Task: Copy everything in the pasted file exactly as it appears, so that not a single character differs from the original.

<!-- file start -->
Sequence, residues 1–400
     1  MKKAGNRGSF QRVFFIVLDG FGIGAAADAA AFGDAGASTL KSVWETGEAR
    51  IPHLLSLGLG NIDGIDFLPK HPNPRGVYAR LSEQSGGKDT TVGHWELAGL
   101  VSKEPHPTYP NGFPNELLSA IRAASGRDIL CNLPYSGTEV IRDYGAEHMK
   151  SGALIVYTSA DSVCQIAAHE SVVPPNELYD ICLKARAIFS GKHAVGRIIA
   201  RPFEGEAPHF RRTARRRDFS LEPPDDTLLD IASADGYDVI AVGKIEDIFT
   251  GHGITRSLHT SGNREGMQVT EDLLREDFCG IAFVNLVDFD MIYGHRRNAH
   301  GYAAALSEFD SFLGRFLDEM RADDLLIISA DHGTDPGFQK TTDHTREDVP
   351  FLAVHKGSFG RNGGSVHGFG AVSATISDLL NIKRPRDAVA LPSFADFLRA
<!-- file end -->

Sequence, residues 1–400
     1  MKKAGNRGSF QRVFFIVLDG FGIGAAADAA AFGDAGASTL KSVWETGEAR
    51  IPHLLSLGLG NIDGIDFLPK HPNPRGVYAR LSEQSGGKDT TVGHWELAGL
   101  VSKEPHPTYP NGFPNELLSA IRAASGRDIL CNLPYSGTEV IRDYGAEHMK
   151  SGALIVYTSA DSVCQIAAHE SVVPPNELYD ICLKARAIFS GKHAVGRIIA
   201  RPFEGEAPHF RRTARRRDFS LEPPDDTLLD IASADGYDVI AVGKIEDIFT
   251  GHGITRSLHT SGNREGMQVT EDLLREDFCG IAFVNLVDFD MIYGHRRNAH
   301  GYAAALSEFD SFLGRFLDEM RADDLLIISA DHGTDPGFQK TTDHTREDVP
   351  FLAVHKGSFG RNGGSVHGFG AVSATISDLL NIKRPRDAVA LPSFADFLRA